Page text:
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Obama’s Constitutional Crisis: What Should the House Do?

Obama’s Constitutional Crisis: What Should the House Do?

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The constitutional issues involving President Barack Obama’s executive orders on amnesty far transcend the issue of illegal immigration. The president’s action strikes at the very heart of our separation of powers.  The Constitution reserves to Congress alone the power to enact and alter law, and charges the president with the responsibility to faithfully execute those laws.

If the president can seize legislative power in this manner and then boast to an audience that he himself has changed the law, then the separation of powers becomes meaningless, and our constitutional Republic will have crossed a very bright line that separates a nation of laws from the unhappy societies where rulers boast the “law is in their mouths.”

If this precedent stands, every succeeding president, Republican and Democrat, will cite it as authority to make or alter law by decree.  That cannot be allowed to happen.

The question occurs, what is the House to do?

It took its first step last week by passing H.R. 5759, which declares the President’s action unconstitutional and null and void. This was a symbolic act since the bill is subject to a Presidential veto, but was a warning the President should have heeded. Obviously, he has not.

What else can the Congress do?

One of the fundamental checks held by the Congress is the power of appropriation–it can close the purse by forbidding the use of federal funds to proceed with this unconstitutional act. 

I realize this is a difficult power to exercise with a dysfunctional Senate.  But a temporary funding measure into January or February would protect us against any prospect of a government shutdown while we try to engage the Senate to rise in defense of the Constitution. And if the Democratic Senate will not defend our Constitution –and that’s a very strong possibility–a few weeks from now the Republican Senate certainly will. 

Why in the world would we want to lock in federal spending through next September that reflects the priorities of the Democratic Senate that voters just thoroughly repudiated last month?  Why in the world would we want to so greatly weaken our position to insist on the complete defunding of the President’s unconstitutional act in the next session of Congress just three weeks hence?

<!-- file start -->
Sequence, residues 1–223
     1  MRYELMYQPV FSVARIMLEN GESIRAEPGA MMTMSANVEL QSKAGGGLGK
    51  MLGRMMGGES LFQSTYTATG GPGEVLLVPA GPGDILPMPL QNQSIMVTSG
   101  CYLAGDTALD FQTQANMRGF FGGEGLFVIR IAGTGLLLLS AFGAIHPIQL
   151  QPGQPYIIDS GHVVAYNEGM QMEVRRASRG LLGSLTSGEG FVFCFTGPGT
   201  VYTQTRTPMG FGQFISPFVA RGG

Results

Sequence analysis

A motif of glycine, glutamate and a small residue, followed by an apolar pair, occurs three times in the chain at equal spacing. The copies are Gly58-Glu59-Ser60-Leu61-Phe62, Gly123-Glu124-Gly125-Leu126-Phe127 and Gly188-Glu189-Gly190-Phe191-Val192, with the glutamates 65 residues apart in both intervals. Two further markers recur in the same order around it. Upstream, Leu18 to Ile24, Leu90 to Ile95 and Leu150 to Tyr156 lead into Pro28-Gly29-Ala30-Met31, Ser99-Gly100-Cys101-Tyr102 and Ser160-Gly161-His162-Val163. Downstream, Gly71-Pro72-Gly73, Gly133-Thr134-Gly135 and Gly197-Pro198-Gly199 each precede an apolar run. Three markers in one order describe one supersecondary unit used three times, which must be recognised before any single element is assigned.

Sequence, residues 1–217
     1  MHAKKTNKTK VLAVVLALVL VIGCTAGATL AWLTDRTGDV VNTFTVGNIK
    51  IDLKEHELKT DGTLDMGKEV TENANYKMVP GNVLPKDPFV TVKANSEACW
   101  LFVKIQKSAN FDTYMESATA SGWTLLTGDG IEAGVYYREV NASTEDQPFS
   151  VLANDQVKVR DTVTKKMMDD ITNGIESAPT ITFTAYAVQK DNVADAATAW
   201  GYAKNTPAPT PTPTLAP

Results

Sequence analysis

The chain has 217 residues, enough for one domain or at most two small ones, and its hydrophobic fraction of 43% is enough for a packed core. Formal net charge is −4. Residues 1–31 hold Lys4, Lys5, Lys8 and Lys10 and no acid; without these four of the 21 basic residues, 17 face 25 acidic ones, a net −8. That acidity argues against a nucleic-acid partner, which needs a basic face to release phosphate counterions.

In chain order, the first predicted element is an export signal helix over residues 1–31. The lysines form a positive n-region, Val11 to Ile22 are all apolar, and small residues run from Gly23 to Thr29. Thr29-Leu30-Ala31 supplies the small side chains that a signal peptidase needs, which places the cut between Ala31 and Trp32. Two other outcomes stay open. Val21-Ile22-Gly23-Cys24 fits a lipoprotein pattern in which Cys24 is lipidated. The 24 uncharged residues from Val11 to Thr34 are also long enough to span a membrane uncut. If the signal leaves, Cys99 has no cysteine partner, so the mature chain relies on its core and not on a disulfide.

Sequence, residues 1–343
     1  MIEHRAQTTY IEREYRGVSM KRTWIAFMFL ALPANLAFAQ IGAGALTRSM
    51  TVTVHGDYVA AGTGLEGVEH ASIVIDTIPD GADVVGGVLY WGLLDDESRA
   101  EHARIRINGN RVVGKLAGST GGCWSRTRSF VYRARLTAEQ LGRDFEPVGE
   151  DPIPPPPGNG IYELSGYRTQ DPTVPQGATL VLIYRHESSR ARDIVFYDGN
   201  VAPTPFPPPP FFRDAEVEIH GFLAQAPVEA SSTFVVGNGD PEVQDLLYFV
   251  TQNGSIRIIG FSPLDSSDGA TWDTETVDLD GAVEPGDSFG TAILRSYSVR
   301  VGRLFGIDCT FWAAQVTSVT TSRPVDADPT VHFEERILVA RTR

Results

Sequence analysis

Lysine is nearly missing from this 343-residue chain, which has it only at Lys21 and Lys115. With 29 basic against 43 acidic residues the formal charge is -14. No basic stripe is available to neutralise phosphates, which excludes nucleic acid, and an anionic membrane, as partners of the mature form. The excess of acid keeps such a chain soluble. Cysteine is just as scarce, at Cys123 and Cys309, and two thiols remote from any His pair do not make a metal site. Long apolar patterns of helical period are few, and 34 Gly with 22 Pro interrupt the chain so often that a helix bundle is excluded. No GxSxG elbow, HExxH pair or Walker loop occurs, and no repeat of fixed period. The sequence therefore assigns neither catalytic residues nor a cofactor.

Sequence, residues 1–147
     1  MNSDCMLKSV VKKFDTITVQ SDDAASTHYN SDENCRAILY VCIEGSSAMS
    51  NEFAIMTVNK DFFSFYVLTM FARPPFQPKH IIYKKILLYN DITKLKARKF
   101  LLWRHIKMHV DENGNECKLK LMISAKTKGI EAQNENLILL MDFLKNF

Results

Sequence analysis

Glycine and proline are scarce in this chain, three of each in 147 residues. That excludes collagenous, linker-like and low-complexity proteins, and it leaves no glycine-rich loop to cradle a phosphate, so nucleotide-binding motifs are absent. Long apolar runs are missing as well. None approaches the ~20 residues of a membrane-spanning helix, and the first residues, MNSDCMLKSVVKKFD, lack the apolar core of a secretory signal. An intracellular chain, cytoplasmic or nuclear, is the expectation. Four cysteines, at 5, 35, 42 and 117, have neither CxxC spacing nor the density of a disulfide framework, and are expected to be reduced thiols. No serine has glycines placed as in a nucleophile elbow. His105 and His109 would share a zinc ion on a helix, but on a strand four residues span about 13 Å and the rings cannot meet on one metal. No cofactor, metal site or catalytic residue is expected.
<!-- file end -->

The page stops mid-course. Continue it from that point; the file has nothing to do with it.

Meanwhile, it is imperative that the House take every action available to engage the Supreme Court to resolve this constitutional crisis. Several states have already filed suit, and the House needs to join them. 

In addition, the House needs to vote as an institution to challenge this act directly. This is too important to be treated as an afterthought on current litigation over Obamacare. It needs to be voted on separately, unequivocally and NOW.

Since the earliest days of our Republic, the Supreme Court has invalidated legislative acts that conflicted with the Constitution.  Now, it must be called upon to invalidate an executive act that strikes at the core of our Constitution. Regardless of the ideologies of the individual justices, I cannot believe that any of them can sit idly by as the executive seizes such fundamental powers from the legislative branch.

On behalf of the House, the Speaker announced last month that we would fight this act tooth-and-nail. To adjourn having taken only a symbolic vote while abandoning our actual powers to challenge this act undermines the credibility of the House majority. 

Elements on the extreme Left argue that the president’s act was justified due to Congressional inaction over immigration reform. They fault the House for not adopting a Senate immigration measure, but they forget that the House passed a strong immigration bill this summer that the Senate refused to consider.   

Since when has Congressional disagreement over legislation been license for the President to legislate himself?  

This argument abandons the Constitution and the rule of law for the expediency of one-man-rule. We should recognize such arguments for what they are: the authoritarianism of the extreme left.  We should reject these arguments and those who make them.

The Roman Republic died when Julius Caesar seized the legislative authority of the Roman Senate.  Repeated acts of usurpation went unchallenged until the constitutional structure of the Republic simply disintegrated. 

Let that not be the epitaph of the American Republic.  Of this crisis, let history record that men and women of good will on both sides of the aisle joined together to defend the Constitution they swore to uphold, and that this generation passed that Constitution–and all the freedoms it has preserved–intact and inviolate–to the many generations who followed.


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